OLYMPIA — Sen. Lisa Wellman, Rep. Tana Senn, and Rep. Judy Clibborn, Democrats from Mercer Island, voted against a Republican proposal to increase property taxes statewide by $4 billion over the next four years to pay for public schools as a solution to solve the state’s education funding crisis.

Nearly all lawmakers agreed tax increases would be necessary to meet the state’s obligations this session. Democrats favored progressive revenue options that mostly targeted high-income earners. In the end, the Legislature agreed to adopt a Republican-sponsored statewide property tax increase that will result in every property owner seeing an increase in their property tax bill next year.

“This plan makes an historic investment in our K-12 education obligations primarily through a tax plan that will dramatically raise property taxes across the 41st Legislative District,” Wellman said. “It’s basically a Democratic education funding solution coupled with Republican tax plan. This was the unfortunate compromise that was made to avert a statewide government shutdown.”

Initial projections for House Bill 2242 indicate homeowners in Bellevue, Mercer Island, Sammamish and Issaquah, will see among the largest property tax increases in the state.

  • Median family homes in the Bellevue School District will see an estimated $2,840 increase in property taxes over four years.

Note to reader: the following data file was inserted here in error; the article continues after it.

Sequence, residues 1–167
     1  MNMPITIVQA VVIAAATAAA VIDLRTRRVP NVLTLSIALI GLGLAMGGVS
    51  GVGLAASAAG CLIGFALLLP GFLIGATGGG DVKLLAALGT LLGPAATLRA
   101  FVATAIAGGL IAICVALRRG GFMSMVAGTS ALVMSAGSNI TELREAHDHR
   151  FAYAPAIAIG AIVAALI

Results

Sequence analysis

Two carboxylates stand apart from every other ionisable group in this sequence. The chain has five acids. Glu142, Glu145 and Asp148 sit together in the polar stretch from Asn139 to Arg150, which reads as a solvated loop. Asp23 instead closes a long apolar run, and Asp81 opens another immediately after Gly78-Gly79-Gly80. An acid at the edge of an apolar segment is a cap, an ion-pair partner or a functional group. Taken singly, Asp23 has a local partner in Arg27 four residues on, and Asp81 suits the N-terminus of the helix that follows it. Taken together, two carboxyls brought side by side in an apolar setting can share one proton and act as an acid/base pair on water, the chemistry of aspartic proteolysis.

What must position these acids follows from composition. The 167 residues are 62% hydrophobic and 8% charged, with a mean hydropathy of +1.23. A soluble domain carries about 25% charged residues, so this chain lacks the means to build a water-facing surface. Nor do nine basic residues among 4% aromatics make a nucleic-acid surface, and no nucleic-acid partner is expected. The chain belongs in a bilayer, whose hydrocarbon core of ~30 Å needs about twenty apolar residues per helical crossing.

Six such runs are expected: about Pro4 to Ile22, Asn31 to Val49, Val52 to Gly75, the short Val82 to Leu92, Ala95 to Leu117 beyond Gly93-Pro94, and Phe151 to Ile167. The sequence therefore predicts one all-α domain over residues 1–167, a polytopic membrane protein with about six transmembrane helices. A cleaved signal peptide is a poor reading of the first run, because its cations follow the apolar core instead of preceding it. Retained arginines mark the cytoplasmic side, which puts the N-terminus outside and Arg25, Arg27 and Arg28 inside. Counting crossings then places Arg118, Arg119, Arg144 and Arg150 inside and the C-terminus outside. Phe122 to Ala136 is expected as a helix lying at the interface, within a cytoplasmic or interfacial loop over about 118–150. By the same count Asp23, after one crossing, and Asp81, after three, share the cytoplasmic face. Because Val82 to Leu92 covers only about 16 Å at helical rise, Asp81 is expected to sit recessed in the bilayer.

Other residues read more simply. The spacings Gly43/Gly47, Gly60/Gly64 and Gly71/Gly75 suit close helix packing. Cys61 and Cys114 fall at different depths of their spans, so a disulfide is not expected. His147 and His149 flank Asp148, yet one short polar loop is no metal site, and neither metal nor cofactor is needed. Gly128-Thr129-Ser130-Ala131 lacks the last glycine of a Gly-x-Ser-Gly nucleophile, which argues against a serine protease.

• Mercer Island: $4,380
  • Issaquah: $3,240
  • Lake Washington: $2,710
  • Renton: $1,170

Each of the school districts will receive increased education funding, with Lake Washington receiving the most at $105,924,220 and Mercer Island receiving the least at $11,970,349 in new funding by the 2020-21 school year. (Full details for each school district can be found here.)

Earlier this session, House Democrats introduced a progressive revenue package, which included a capital gains excise tax on wealthy investors, and modified real estate excise tax and B&O rates, which would spare seniors and lower- and middle-class households.

Senate Republicans consistently rejected these progressive reforms. With just days to go before coming to what would be the first government shutdown in state history, House Democrats agreed to a compromise budget that included the Republican statewide property tax increases.

“Given our robust economy, we knew our district would pay more into the state coffers to pay for the statewide education funding plan. However, I would have preferred progressive revenue options aimed at our highest earners versus a property tax affecting 100 percent of our residents,” said Senn. “I’m very upset that we were not able to pursue other options like closing more tax loopholes or adjusting the business and occupation tax rates to help small businesses.”

There were important policy changes in the bill, including the state paying teacher salaries with regionalization taken into account. However, there were also some bitter pills for the Eastside lawmakers, like putting a cap on the number of early release and late start days at seven for the year and the loss of flexibility on the use of levies.

“Voting against the education funding bill, which was years in the making, was a tough vote. But the impact to our taxpayers, especially seniors on fixed incomes and renters, was just too high of a price to pay,” explained Clibborn.


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